Introducing ServerMaintenanceEvents

StackExchange.Redis now automatically subscribes to notifications about upcoming maintenance from supported Redis providers. The ServerMaintenanceEvent on the ConnectionMultiplexer raises events in response to notifications about server maintenance, and application code can subscribe to the event to handle connection drops more gracefully during these maintenance operations.

If you are a Redis vendor and want to integrate support for ServerMaintenanceEvents into StackExchange.Redis, we recommend opening an issue so we can discuss the details.

Types of events

Azure Cache for Redis currently sends the following notifications:

Sample code

The library will automatically subscribe to the pub/sub channel to receive notifications from the server, if one exists. For Azure Redis caches, this is the ‘AzureRedisEvents’ channel. To plug in your maintenance handling logic, you can pass in an event handler via the ServerMaintenanceEvent event on your ConnectionMultiplexer. For example:

multiplexer.ServerMaintenanceEvent += (object sender, ServerMaintenanceEvent e) =>
    if (e is AzureMaintenanceEvent azureEvent && azureEvent.NotificationType == AzureNotificationType.NodeMaintenanceStart)
        // Take whatever action is appropriate for your application to handle the maintenance operation gracefully. 
        // This might mean writing a log entry, redirecting traffic away from the impacted Redis server, or
        // something entirely different.

You can see the schema for the AzureMaintenanceEvent class here. Note that the library automatically sets the ReceivedTimeUtc timestamp when the event is received, so if you see in your logs that ReceivedTimeUtc is after StartTimeUtc, this may indicate that your connections are under high load.

Walking through a sample maintenance event

  1. App is connected to Redis and everything is working fine.
  2. Current Time: [16:21:39] -> NodeMaintenanceScheduled event is raised, with a StartTimeUtc of 16:35:57 (about 14 minutes from current time).
    • Note: the start time for this event is an approximation, because we will start getting ready for the update proactively and the node may become unavailable up to 3 minutes sooner. We recommend listening for NodeMaintenanceStarting and NodeMaintenanceStart for the highest level of accuracy (these are only likely to differ by a few seconds at most).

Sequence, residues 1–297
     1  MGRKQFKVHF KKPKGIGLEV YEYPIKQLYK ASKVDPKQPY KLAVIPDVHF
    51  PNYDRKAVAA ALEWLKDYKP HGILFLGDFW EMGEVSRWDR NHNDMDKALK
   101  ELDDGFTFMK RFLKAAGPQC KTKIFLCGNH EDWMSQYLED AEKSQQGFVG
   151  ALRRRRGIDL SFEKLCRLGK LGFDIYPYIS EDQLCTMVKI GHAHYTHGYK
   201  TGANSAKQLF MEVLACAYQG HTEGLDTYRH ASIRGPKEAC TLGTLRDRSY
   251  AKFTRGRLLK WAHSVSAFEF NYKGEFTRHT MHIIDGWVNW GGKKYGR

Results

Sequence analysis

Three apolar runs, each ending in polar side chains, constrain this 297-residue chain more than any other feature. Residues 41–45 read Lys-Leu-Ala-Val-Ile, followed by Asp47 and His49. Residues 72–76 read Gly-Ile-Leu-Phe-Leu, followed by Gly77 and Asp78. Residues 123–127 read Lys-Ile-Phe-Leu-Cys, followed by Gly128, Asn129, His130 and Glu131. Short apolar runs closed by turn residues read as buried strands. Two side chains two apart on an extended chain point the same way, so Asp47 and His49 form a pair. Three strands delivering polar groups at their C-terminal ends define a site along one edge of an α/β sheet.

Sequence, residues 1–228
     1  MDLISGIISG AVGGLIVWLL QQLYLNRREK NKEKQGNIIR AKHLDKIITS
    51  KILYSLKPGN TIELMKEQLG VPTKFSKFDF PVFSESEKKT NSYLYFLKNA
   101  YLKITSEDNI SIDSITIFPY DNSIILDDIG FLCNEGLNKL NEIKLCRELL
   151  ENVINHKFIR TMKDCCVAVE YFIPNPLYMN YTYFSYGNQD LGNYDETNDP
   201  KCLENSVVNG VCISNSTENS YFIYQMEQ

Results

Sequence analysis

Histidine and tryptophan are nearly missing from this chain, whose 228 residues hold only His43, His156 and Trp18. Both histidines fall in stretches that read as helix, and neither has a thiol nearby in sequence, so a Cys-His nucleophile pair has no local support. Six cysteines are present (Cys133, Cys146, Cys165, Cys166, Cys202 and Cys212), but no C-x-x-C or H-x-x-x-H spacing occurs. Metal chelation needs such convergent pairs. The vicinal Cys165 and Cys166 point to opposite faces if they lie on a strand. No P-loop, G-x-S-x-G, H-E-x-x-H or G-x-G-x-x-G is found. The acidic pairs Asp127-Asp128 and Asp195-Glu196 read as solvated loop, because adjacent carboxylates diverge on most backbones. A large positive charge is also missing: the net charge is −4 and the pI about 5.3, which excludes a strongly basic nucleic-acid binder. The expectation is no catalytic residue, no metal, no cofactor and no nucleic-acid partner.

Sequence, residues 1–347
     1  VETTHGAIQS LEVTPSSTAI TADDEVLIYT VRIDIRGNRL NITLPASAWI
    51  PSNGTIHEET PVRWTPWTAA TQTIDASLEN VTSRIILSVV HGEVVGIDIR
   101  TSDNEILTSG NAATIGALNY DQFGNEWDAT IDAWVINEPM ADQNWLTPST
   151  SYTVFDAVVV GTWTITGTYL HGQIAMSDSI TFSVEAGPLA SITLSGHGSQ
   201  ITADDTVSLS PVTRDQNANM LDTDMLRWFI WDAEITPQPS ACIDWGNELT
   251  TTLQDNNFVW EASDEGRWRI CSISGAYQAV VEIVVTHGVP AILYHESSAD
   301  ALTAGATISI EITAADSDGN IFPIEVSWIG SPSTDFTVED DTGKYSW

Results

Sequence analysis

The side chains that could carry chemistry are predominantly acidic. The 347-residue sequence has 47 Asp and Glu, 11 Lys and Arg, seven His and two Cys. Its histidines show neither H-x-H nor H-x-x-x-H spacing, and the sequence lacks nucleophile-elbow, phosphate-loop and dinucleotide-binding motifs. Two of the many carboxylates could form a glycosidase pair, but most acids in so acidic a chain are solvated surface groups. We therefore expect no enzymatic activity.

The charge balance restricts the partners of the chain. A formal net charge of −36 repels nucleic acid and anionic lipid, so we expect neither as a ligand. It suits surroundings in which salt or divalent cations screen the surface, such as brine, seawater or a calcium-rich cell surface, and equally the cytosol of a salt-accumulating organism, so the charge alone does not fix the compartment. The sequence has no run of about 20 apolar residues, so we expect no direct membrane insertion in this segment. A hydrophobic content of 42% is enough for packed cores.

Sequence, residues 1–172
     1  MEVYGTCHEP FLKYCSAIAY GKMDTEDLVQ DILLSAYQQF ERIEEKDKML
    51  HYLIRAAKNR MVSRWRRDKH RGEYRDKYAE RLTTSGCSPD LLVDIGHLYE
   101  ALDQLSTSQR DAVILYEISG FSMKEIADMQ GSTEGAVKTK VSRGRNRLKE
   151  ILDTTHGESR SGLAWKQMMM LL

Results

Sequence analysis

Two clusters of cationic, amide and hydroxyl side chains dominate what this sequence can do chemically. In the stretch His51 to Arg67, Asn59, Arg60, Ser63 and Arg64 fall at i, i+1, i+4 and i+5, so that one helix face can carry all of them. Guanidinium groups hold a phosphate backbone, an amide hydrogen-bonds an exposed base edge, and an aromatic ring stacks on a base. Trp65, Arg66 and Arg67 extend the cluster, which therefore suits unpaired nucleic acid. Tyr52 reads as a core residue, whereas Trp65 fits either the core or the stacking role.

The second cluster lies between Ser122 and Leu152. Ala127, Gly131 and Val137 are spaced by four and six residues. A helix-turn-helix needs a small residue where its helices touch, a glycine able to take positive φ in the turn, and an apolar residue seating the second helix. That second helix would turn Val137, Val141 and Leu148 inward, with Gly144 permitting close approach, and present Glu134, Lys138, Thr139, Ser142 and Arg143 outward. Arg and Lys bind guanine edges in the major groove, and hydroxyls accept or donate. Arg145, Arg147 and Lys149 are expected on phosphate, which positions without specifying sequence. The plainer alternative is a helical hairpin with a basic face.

3. Current Time: [16:34:26] -> NodeMaintenanceStarting message is received, and StartTimeUtc is 16:34:46, about 20 seconds from the current time.
  4. Current Time: [16:34:46] -> NodeMaintenanceStart message is received, so we know the node maintenance is about to happen. We break the circuit and stop sending new operations to the Redis connection. (Note: the appropriate action for your application may be different.) StackExchange.Redis will automatically refresh its view of the overall server topology.
  5. Current Time: [16:34:47] -> The connection is closed by the Redis server.
  6. Current Time: [16:34:56] -> NodeMaintenanceFailoverComplete message is received. This tells us that the replica node has promoted itself to primary, so the other node can go offline for maintenance.
  7. Current Time [16:34:56] -> The connection to the Redis server is restored. It is safe to send commands again to the connection and all commands will succeed.
  8. Current Time [16:37:48] -> NodeMaintenanceEnded message is received, with a StartTimeUtc of 16:37:48. Nothing to do here if you are talking to the load balancer endpoint (port 6380 or 6379). For clustered servers, you can resume sending readonly workloads to the replica(s).

Azure Cache for Redis Maintenance Event details

NodeMaintenanceScheduled event

NodeMaintenanceScheduled events are raised for maintenance scheduled by Azure, up to 15 minutes in advance. This event will not get fired for user-initiated reboots.

NodeMaintenanceStarting event

NodeMaintenanceStarting events are raised ~20 seconds ahead of upcoming maintenance. This means that one of the primary or replica nodes will be going down for maintenance.

It’s important to understand that this does not mean downtime if you are using a Standard/Premier SKU cache. If the replica is targeted for maintenance, disruptions should be minimal. If the primary node is the one going down for maintenance, a failover will occur, which will close existing connections going through the load balancer port (6380/6379) or directly to the node (15000/15001). You may want to pause sending write commands until the replica node has assumed the primary role and the failover is complete.

NodeMaintenanceStart event

NodeMaintenanceStart events are raised when maintenance is imminent (within seconds). These messages do not include a StartTimeUtc because they are fired immediately before maintenance occurs.

NodeMaintenanceFailoverComplete event

NodeMaintenanceFailoverComplete events are raised when a replica has promoted itself to primary. These events do not include a StartTimeUtc because the action has already occurred.

NodeMaintenanceEnded event

NodeMaintenanceEnded events are raised to indicate that the maintenance operation has completed and that the replica is once again available. You do NOT need to wait for this event to use the load balancer endpoint, as it is available throughout. However, we included this for logging purposes and for customers who use the replica endpoint in clusters for read workloads.